A Modest Conservative “Revolution”

serfdom1From Tom Woods, Jr.’s introduction to ISI’s new book of essays, Back on the Road to Serfdom: The Resurgence of Statism:

When we argue that the winds are blowing in the direction of an ever-larger role of the state in American life, we must be careful not to imply that prior to 2007-8 a broad consensus in favor of the free market and against state coercion had taken root. Even during the 1980s, when free-market ideas were said to be sweeping the country, the net effects were modest. Larry Schwab makes a persuasive case in his overlooked study The Illusion of a Conservative Reagan Revolution that the transformation that was supposed to have overtaken America during the 1980s was rather more limited than either liberals or conservatives have been willing to admit. There is little evidence of a lasting ideological shift among the population, and government grew rather than shrank, with the federal budget doubling over the course of the decade.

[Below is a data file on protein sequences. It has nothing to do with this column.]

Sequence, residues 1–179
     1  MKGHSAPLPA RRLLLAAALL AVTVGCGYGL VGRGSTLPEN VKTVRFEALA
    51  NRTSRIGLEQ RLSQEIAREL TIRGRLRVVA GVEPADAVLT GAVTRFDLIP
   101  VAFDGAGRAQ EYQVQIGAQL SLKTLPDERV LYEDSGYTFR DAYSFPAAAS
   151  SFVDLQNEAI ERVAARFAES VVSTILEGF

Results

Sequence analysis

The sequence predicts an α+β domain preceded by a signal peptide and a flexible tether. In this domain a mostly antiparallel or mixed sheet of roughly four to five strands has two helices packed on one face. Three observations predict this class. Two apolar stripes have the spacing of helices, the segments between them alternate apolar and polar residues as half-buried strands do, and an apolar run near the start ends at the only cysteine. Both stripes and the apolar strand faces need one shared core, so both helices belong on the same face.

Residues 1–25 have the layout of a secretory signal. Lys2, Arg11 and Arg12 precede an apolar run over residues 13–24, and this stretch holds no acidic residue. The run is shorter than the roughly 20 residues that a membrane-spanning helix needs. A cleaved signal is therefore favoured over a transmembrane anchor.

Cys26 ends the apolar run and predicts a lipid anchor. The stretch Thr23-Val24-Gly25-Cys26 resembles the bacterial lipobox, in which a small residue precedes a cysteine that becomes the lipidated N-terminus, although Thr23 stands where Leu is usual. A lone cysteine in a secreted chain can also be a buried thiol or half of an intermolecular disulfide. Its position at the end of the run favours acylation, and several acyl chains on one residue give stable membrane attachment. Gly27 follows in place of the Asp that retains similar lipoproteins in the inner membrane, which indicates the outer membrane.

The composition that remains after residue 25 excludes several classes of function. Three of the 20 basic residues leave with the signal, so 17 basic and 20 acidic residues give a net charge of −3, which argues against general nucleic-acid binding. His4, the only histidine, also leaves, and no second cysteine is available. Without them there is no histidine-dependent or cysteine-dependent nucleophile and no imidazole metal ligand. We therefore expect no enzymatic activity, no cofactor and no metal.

The failure of conservatives to make significant inroads into the federal apparatus was symbolized by the Contract with America, the series of proposals Republicans promised to support on the eve of their off-year landslide in 1994. What was portrayed as a bold array of policy initiatives was in fact a timid and insignificant list of changes that would have left the federal apparatus for all intents and purposes unchanged. The Brookings Institution correctly observed: “Viewed historically, the Contract represents the final consolidation of the bedrock domestic policies and programs of the New Deal, the Great Society, the post-Second World War defense establishment, and, most importantly, the deeply rooted national political culture that has grown up around them.”

If you want to order a copy, ignore Amazon’s “1 to 4 months” availability estimate; the book is shipping now.

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Brian Saint-Paul was the editor and publisher of Crisis Magazine. He has a BA in Philosophy and an MA in Religious Studies from the Catholic University of America, in Washington. D.C. In addition to various positions in journalism and publishing, he has served as the associate director of a health research institute, a missionary, and a private school teacher. He lives with his wife in a historic Baltimore neighborhood, where he obsesses over Late Antiquity.

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